Here are some of the ways an insurer or agent can deceive you with their advertising:

  1. Omitting information or using words that have a tendency to mislead or deceive even if the prospective purchaser has the opportunity to review and return the policy. Insurance concepts and terminology are difficult for the layman to grasp. When an insurer adds to the confusion by omitting information or using deceptive words, you can wind up buying something different than what you thought you were buying. States have laws and regulations to help protect the public from this deceptive practice, but it is your responsibility to ask the insurer for a copy of the actual policy for review. The actual health insurance policy is the only legal document and that is what you must rely upon to determine your actual coverage.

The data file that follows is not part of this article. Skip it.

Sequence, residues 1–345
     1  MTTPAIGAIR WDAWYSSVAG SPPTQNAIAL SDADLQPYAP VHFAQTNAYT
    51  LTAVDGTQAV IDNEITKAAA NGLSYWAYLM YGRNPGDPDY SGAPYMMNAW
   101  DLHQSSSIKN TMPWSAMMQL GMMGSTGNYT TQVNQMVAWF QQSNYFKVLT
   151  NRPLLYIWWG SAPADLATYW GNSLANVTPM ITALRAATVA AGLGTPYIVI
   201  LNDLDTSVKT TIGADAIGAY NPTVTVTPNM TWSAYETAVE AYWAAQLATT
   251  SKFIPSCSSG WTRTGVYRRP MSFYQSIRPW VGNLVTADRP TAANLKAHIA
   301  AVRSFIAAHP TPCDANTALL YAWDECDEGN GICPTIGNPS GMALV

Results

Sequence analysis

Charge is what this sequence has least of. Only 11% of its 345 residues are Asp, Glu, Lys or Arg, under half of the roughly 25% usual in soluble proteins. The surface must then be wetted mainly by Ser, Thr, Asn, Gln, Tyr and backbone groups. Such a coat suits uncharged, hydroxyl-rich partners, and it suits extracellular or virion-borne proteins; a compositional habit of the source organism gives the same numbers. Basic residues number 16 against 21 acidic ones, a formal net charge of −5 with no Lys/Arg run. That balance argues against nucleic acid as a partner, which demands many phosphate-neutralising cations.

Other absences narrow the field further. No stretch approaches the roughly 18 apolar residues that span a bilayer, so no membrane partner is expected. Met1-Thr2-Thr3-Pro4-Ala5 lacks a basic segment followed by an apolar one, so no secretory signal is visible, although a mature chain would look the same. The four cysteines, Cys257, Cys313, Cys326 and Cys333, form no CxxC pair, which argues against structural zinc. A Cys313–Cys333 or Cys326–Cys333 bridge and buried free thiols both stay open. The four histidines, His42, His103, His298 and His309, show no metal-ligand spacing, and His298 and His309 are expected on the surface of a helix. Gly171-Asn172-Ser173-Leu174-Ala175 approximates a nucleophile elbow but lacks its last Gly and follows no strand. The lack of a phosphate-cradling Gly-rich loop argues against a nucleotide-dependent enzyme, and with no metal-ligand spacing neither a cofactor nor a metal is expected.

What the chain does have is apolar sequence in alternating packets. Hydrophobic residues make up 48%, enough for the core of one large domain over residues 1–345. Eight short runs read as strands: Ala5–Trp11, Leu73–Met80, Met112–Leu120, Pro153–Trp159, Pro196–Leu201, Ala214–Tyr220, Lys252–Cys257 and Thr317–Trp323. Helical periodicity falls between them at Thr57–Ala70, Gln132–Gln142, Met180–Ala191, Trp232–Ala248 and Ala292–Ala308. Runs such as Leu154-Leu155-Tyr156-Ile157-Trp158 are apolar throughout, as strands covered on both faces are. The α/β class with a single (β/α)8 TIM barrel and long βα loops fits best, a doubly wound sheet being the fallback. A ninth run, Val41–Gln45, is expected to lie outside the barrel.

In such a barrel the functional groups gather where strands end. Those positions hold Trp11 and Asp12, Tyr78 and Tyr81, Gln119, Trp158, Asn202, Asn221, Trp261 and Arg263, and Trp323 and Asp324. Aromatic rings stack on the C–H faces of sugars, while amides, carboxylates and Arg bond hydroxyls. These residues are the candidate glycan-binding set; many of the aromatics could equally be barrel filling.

2. Using words such as “all”, “full”, “complete”, “comprehensive”, “unlimited”, “this policy will help pay your hospital and surgical bills” or similar words in a way that exaggerates policy benefits. It is wise for you, as the purchaser of new insurance, to immediately read the new policy to determine if the new policy actually provides the scope and type of coverage represented to you at the time of sale. Policies have a free-look period during which you, the purchaser, can return the policy if it is not what you thought it would be. Be sure to carefully read your new policy immediately after you receive it.